WASHINGTON - The White House drug wars are heating up again. Woe is us.
Having scolded the previous administration for laxness in fighting the war on drugs - a tired cliche that means kids go to jail, missionaries' planes are shot out of the sky, politicians get quick-and-easy sound bites, and Hollywood has more movie fodder - the Bush administration is going back to the future.
When in doubt about how to get a handle on the scourge of drugs by reducing demand, the ready solution seems to be to get tougher by building more prisons and filling them up with addicts and small-time dealers, although the pitiful case of actor Robert Downey, Jr., shows that the threat of jail is not always the solution.
The truth is that presidents - Democrats and Republicans alike - are just like most people in that they don't really know how to confront the evil of drugs and are afraid to get too innovative. So they appoint “drug czars,” use military lingo, and give speeches to the effect that “this time we're really going to war against drugs.” Sometimes their wives try - for a few years - to persuade children to “just say no.”
Former President Clinton made the drug war a centerpiece of a couple of his stupendously long State of the Union speeches. That creativity and zest changed the illegal drug landscape - for about five minutes. One of Mr. Clinton's last acts in office was pardoning 48 drug offenders, including his brother. That was not a big deal because most were small-time users who got trapped in their addictions, but it didn't help that one pardonee was a kingpin in a multimillion-dollar cocaine ring.
President Bush cares so deeply about the scourge of drugs that he has named Rep. Asa Hutchinson (R., Ark.) - one of the men who led the House impeachment effort against Mr. Clinton - to head the Drug Enforcement Administration. This, coupled with Mr. Hutchinson's hard-line views on curbing illegal drug use, is not exactly a smart move to ensure broad bipartisan support of the DEA as a new round of anti-drug warfare starts.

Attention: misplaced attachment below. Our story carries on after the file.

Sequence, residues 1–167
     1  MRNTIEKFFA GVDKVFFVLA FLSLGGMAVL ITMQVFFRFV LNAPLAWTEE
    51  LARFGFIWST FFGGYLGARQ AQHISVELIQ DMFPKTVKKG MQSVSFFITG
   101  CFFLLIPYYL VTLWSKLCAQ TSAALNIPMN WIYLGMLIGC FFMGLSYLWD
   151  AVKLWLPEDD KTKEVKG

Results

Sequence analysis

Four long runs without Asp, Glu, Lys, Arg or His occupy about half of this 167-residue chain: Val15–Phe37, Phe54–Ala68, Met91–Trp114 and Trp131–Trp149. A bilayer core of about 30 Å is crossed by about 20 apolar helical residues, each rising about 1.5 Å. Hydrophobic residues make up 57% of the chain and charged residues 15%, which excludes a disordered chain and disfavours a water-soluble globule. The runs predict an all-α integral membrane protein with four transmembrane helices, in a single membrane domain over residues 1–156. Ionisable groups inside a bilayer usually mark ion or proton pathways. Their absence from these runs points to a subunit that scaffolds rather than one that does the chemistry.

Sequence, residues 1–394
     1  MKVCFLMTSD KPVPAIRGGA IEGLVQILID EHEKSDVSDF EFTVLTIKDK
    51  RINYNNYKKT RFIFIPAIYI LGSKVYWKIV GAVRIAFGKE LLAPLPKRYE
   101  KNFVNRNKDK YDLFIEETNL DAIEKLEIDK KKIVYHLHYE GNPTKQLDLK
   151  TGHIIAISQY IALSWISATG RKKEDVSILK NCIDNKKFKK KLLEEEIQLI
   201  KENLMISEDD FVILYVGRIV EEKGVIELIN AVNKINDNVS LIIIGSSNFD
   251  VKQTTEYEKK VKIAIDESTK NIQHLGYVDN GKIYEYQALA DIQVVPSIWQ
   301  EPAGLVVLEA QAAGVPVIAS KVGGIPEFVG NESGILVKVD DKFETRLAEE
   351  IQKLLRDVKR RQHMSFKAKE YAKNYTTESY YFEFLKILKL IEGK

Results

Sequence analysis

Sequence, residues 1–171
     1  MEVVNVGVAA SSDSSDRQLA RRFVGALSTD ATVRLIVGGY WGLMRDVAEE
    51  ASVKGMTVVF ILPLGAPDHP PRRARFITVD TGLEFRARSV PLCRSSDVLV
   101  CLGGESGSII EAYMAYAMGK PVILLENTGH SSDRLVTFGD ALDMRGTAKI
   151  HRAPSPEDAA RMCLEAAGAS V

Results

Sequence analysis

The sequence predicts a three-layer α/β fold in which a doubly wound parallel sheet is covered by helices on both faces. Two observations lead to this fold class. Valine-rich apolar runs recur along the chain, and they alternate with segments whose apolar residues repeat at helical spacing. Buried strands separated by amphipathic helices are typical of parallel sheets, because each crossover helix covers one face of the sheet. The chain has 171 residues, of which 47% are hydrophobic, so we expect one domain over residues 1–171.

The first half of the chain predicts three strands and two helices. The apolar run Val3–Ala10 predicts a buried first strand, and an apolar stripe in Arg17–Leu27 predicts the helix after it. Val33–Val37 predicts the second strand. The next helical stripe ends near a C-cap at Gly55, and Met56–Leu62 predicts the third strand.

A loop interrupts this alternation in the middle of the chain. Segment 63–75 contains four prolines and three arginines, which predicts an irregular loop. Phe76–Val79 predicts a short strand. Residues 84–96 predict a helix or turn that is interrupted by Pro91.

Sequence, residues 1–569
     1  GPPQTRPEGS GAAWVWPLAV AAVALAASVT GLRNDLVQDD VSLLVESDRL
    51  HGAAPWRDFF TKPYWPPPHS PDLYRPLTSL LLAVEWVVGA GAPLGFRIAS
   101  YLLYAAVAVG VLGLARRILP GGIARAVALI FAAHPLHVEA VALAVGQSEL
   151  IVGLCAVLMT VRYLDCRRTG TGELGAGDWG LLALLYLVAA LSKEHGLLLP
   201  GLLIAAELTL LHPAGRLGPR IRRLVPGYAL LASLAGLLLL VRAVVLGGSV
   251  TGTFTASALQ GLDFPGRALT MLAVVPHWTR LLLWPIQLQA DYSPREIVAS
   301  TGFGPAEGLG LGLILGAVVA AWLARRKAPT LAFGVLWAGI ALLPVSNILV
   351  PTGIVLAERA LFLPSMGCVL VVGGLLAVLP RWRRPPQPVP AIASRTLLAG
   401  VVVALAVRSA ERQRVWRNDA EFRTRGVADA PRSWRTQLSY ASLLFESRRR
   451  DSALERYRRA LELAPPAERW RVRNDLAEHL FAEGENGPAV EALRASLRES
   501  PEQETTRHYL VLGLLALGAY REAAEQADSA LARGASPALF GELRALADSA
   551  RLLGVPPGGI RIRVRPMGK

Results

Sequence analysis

At the same time, Mr. Bush also has named as his drug czar John Walters, a law-and-order conservative generally considered a bright star in the right-of-center firmament. His selection has prompted a rash of comments such as, “It generally looks like more of the same.”
The problem is that “the same” hasn't worked. Mr. Walters was the main author of Schools Without Drugs. Marijuana is now widely available in middle school.
The President's $1.95 trillion budget has $19 billion (up a whopping $1.1 billion) earmarked for all forms of federal drug control. Some of it will expand waiting-room-only treatment facilities but most of it will go, as usual, for interdiction - _shooting down planes, paying mercenaries' salaries, and burning crops in Latin America.
One of Mr. Bush's new initiatives, besides setting up a database for all the church-based programs that deal with drug users, is spending $5 million a year for five years on something called a Parent Drug Corps. That military thing again. It is to be hoped the worried parents trying to thwart their teens won't be wearing the Chinese-made black berets rejected by the U.S. Army.
Mr. Bush wants to spend $11 million more on community efforts to educate children about how bad drugs are for them. A poster for every empty storefront? Yet, the D.A.R.E. (Drug Abuse Resistance Education) program is widely deemed to be flawed. Instead of being wiser about such drugs as marijuana, many adolescents regard it as innocuous - another parental control issue.
Americans get their views on the anti-drug effort not from Washington but from Hollywood. The public doesn't so much believe the Clinton administration statistic that youth drug use declined 21 percent in its last two years as it believes the grim movie Traffic and The West Wing episode that portrayed the anti-drug war as a futile waste of money.
There are peaks and valleys in the never-ending effort to end the curse of drug addiction. The popularity of one drug ebbs, but another comes along. It seems to take a variety of costly tactics - from treatment to jail - to make a little progress. Putting society's stigma on drug use helps, too.
Mr. Bush has given Messrs. Hutchinson and Walters a chance to try their back-to-basics, lock-'em-away approach. As commander in chief of the war on drugs, Mr. Bush is banking that the nation has time, even if addicts don't, to see if the one-size-fits-all works.
If not, he'll talk about missile defense.
Ann McFeatters is chief of The Blade's national bureau. E-mail her at firstname.lastname@example.org.
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